Virtual Reality Sigmund Freud Gives Good Advice, Study Finds

EVENT lab, UB / EVENT lab, UB

Ever wonder what it would feel like to be the world’s most famous Austrian psychoanalyst—and analyze yourself at the same time? A group of scientists tried to answer that question recently by putting subjects into a virtual reality animation of Sigmund Freud’s body and having them give themselves psychological advice.

According to Science Daily, the researchers designed the study to gather information about how the perception of being in someone else’s body affects the way we think. They enlisted subjects in need of specific psychological advice, then “transformed” them into Freud with advanced virtual reality devices. In the study, subjects first embodied virtual reality avatars of themselves, and described their problem to Freud. Then, they switched to Freud’s body, and attempted to answer their own questions. Finally, back in their own VR bodies, they listened to Freud’s recorded response—which, of course, was their own response, with a slightly modified voice.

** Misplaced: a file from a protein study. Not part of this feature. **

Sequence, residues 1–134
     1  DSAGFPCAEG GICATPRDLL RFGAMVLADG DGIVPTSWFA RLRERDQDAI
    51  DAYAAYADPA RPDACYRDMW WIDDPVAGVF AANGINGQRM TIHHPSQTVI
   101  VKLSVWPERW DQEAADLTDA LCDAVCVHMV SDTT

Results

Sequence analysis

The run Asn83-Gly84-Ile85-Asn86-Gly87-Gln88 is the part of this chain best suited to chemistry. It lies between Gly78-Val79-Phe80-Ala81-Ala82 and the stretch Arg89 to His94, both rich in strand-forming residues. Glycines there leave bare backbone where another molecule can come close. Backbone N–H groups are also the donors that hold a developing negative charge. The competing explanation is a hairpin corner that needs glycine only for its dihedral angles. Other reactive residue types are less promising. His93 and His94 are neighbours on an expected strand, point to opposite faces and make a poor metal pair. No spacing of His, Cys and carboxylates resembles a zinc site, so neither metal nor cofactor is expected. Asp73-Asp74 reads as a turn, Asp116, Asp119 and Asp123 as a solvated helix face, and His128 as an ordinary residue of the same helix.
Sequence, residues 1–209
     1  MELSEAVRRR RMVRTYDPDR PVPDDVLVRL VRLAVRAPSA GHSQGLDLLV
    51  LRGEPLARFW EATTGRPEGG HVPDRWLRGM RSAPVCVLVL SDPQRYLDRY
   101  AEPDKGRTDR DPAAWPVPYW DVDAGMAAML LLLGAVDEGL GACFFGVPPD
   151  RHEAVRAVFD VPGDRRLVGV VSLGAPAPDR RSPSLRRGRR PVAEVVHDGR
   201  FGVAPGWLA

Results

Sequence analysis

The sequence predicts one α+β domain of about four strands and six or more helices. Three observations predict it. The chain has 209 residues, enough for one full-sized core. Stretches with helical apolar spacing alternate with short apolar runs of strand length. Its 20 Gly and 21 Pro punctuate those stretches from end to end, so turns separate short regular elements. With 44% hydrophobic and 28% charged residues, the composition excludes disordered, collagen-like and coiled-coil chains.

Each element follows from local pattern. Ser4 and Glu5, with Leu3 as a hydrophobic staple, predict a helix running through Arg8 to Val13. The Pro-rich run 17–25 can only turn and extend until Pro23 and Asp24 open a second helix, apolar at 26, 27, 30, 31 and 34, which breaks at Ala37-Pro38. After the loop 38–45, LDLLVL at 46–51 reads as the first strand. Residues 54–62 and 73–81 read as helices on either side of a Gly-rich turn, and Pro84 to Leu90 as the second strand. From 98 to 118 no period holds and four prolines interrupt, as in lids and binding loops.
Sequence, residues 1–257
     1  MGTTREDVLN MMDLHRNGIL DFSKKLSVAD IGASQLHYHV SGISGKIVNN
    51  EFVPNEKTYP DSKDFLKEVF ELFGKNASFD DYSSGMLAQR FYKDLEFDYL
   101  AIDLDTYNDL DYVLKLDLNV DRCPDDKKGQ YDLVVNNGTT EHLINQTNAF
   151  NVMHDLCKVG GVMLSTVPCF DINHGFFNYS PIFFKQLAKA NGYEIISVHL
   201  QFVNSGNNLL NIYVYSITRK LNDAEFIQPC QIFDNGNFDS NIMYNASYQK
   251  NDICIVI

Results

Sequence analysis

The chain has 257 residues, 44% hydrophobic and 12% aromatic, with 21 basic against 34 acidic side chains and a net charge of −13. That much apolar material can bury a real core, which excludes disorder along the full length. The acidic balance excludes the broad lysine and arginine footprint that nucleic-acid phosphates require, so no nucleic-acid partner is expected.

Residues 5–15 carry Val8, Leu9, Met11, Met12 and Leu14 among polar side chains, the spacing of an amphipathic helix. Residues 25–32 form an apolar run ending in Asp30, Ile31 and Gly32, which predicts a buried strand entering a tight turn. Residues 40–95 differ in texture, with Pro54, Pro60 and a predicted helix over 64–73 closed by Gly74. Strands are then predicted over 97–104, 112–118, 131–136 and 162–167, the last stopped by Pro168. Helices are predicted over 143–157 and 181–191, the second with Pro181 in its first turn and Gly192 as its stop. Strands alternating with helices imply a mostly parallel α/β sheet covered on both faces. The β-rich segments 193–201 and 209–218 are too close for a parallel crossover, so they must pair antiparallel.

The study, published in Nature Scientific Reports, found that subjects had a more positive response to their own advice when it came from the VR Freud avatar. When subjects simply talked out issues as themselves, they found the advice less effective.

According to the researchers, the feeling of embodying someone we see as authoritative affects the way we feel and think about ourselves. But there’s one catch—the illusion needs to be complete. Versions of the study in which Freud’s movements were not perfectly synchronized with subjects’ broke the illusion and nullified the impact of his advice. According to the study, “this form of embodied perspective taking can lead to sufficient detachment from habitual ways of thinking about personal problems, so as to improve the outcome, and demonstrates the power of virtual body ownership to effect cognitive changes.”

Researchers specifically chose Freud for their study because of his fame. According to researcher Sofia Adelaide Osimo, “Freud was not only found to be very authoritative and well-known, but his image proved also to be highly recognizable and prototypical." The idea that simply “feeling like Freud” can affect our self-perception is powerful; though the researchers haven’t announced plans for more celebrity-embodiment experiments, it’s interesting to imagine future studies on how we respond to embodying other great thinkers or media personalities. 

[h/t: Science Daily]